HARARE - Government is soon expected to announce two winning bids of the 100 megawatts (MW) solar projects tender aimed at improving power supply in the country, businessdaily has established.
The winners were due to be announced in July 2013 by the then Energy minister Elton Mangoma but the pronouncement was later postponed.
The tender was floated early last year.
Zimbabwe — currently producing approximately 1 200MW against demand of about 2 200MW — is grappling power cuts that have hit both commercial and domestic consumers.
The multi-million solar projects — to be set up in the sunshine-abundant Zvishavane and Gwanda — would harness power from the sun to produce 100 MW of concentrated electricity that would be fed into the national grid.
Sources close to the developments yesterday told businessdaily that the Energy minister Dzikamai Mavhaire will be announcing the winning bids “very soon”.
“We are expecting the 100 MW to be added to the national grid by end of this year,” the source added.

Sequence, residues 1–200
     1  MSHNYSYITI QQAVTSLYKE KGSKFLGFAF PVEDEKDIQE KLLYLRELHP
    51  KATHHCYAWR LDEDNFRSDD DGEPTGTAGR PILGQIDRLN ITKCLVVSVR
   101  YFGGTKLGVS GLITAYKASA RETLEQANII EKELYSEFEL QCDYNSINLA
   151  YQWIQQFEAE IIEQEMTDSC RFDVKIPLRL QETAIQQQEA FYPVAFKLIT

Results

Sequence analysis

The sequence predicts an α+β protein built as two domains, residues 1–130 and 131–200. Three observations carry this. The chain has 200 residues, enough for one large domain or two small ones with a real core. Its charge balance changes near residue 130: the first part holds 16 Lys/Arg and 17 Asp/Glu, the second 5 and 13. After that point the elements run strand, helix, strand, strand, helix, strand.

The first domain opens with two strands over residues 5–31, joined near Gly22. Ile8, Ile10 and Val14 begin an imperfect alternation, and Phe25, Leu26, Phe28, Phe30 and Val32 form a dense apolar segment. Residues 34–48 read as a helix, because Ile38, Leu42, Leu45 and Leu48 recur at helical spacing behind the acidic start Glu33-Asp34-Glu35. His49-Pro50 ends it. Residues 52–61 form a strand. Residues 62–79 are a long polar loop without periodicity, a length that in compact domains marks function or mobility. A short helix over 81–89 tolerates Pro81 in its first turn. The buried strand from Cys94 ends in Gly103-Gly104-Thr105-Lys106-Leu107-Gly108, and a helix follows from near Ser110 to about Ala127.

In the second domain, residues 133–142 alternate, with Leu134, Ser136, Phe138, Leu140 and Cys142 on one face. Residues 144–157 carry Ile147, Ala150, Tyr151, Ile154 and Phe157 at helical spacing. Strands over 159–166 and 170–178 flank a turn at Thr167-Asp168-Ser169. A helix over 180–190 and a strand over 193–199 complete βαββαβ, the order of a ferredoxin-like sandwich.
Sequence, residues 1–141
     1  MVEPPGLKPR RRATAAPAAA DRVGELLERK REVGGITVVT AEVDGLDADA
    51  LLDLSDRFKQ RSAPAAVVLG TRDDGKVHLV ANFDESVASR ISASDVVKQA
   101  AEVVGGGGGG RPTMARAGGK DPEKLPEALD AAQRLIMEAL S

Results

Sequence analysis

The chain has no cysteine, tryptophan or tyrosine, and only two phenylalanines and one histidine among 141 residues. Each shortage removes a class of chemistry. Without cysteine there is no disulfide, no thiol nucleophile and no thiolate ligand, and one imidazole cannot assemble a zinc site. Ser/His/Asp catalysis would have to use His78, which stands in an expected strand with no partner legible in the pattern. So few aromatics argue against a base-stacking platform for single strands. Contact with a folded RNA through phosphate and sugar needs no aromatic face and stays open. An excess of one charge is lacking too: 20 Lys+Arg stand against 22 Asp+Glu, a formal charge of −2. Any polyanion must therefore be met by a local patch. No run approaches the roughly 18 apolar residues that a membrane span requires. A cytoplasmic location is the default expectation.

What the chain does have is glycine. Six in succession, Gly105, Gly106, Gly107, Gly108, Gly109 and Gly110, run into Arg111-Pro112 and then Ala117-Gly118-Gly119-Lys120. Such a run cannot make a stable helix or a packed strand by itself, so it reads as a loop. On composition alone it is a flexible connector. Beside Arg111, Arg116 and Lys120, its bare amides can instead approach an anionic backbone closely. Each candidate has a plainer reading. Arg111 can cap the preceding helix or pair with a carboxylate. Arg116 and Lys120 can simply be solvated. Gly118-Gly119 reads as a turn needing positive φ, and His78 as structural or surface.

More than five companies, including local and international investors, responded to the tender which was floated early last year by the Zimbabwe Power Company.
Efforts to get comment from Mavhaire were fruitless as his mobile went unanswered while he had not responded to questions sent to him by time of going to press.
However, he was recently quoted in the media saying government is working on an extensive energy project that will see eight solar stations being launched across the country this year to curb the current national deficit.
“Zimbabwe is moving to clean energy. With solar energy there is no air pollution and ozone layer degradation,” said Mavhaire.
The generation of solar energy will come as a relief to domestic, industrial, commercial entities that have been grossly affected by the constant power cuts, going as long as 18 hours a day.
Energy is a fundamental economic enabler that determines productivity.
Recently, Zimbabwe contracted Chinese company Sino Hydro to construct two additional units at the Kariba hydroelectric power station at a cost of $368 million.
Upon completion, Kariba will add 300MW to the national grid.
Government has also awarded another Chinese company, China Machinery Engineering Company, the tender for the expansion of Hwange thermal power station.
The project will cost at least $1,3 billion and the additional units will produce 600 MW when completed.